Carolina Panthers: Grading Cam Newton's Preseason Performance
Carolina Panthers' rookie quarterback Cam Newton recently rounded out one of the most scrutinized preseasons in recent memory. The amount of attention being focused on Newton is extremely high and nearly every face in the media has an opinion of whether Newton will fail or strive in the NFL.
But truthfully, it's a stretch to say any of us really know how Newton's career will turn out and all we have to evaluate him on is the four games that he played in the past month.
So let's take a look at how well Newton did as we count down the days until he makes his regular season debut.
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Many rookie quarterbacks lost some zip on their passes this preseason, and early on it was evident that Newton would not fall into this category. In his debut against the New York Giants, Newton threw a bullet to tight end Greg Olsen on a deep route that pushed the offense into red-zone. And despite what was an overall disappointing performance versus the Cincinnati Bengals, Newton made some fantastic passes on bootlegs—which you should expect to see a lot of this season.
However, the whole preseason culminated with one drive in Newton's final warm-up game. The Panthers were playing the vaunted Pittsburgh Steelers starting defense and when Newton took the field, he did not play afraid. His arm strength was consistent during the entire drive and a 25 yard throw that he made while falling down was particularly impressive—although it did fall incomplete due to what would likely be defensive pass interference in a regular season game.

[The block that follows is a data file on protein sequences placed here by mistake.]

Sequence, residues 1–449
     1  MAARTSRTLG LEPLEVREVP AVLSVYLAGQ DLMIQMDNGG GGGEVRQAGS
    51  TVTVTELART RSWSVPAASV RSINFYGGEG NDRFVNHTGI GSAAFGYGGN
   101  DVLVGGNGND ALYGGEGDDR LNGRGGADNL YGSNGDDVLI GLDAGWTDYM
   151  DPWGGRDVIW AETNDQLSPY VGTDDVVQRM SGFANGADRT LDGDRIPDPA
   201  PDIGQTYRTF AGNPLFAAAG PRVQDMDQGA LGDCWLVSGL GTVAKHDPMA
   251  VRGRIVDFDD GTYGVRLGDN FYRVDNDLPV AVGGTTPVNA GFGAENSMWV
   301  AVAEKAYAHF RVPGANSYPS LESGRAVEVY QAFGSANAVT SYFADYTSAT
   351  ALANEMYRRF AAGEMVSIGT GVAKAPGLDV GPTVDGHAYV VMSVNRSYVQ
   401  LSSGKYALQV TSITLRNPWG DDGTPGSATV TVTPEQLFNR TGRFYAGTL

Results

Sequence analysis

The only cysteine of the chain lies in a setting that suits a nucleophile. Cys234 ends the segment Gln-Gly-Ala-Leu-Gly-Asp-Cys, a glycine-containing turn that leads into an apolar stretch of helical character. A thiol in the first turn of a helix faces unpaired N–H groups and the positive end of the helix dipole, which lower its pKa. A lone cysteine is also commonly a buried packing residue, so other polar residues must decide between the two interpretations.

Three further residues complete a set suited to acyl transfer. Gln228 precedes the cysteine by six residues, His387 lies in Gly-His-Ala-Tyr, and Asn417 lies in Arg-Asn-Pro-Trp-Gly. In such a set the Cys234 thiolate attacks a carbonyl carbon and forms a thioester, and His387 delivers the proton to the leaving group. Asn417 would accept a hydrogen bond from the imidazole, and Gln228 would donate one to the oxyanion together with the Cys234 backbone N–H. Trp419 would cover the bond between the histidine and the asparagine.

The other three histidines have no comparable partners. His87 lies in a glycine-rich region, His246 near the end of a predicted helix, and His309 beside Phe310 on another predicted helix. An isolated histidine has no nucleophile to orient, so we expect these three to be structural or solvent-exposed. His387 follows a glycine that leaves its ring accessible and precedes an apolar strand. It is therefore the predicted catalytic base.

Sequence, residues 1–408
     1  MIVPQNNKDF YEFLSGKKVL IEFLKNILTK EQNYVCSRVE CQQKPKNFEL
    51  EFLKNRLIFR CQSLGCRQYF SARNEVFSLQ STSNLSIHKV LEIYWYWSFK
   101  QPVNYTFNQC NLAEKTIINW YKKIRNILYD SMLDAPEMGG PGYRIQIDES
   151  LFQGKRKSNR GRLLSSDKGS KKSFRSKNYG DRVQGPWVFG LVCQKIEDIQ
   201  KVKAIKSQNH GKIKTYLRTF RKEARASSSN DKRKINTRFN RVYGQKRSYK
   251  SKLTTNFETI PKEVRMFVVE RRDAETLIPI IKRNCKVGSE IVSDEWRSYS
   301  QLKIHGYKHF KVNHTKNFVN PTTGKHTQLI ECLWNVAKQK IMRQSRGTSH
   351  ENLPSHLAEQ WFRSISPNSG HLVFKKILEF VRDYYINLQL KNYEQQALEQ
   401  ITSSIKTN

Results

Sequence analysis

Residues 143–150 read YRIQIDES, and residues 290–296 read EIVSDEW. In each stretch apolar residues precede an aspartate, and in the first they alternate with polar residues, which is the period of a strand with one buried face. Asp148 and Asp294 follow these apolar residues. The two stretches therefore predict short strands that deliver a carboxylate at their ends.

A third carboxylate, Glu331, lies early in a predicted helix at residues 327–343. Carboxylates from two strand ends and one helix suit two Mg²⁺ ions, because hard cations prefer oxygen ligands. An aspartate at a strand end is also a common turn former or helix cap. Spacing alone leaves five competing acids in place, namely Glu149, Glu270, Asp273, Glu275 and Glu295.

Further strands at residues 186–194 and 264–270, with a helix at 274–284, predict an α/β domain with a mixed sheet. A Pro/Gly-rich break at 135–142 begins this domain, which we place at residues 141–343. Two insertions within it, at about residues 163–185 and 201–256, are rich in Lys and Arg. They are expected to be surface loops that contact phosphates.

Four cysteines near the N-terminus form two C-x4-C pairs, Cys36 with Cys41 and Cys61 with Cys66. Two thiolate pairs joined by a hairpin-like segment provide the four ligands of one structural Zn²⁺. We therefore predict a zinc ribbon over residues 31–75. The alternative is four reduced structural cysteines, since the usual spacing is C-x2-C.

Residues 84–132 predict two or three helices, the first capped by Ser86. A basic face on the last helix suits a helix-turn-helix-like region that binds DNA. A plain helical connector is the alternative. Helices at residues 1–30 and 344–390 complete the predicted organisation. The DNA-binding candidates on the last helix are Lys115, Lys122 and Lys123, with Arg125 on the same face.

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Newton was a little less reliable with his accuracy than Panthers fans hoped, but he came around by Week 4. His 42.1 completion percentage remains a sticking point for his detractors, but that number doesn't tell the whole story.
Newton's performance versus Cincinnati was largely responsible for pulling down his completion percentage and his positive bounce back performance against the Giants at least ends the pre-season on a good note. Newton was very accurate and his only errant throw was caused by a miscommunication with receiver Steve Smith.
However, his tendency early on was to sail a few and bounce a few passes in front of his receivers every game, so while he came around, his grade will reflect his poor accuracy in the first three games.
Newton was slowly handed the keys to Rob Chudzinski's offense so he was weary to run too much initially, but it's clear that his running ability will be a huge factor in Carolina's offense this season.
He was second among rookie quarterbacks in rushing yards and likely would have been first had he been allowed to take off more frequently in Week 1 and 2, where there were clear running lanes presented to him.
Newton's huge frame makes him an outlier among running quarterbacks in the NFL. He is sturdier and less injury prone, so expect him to lower his shoulder every so often, unlike most quarterback who are most concerned with protecting their precious bodies.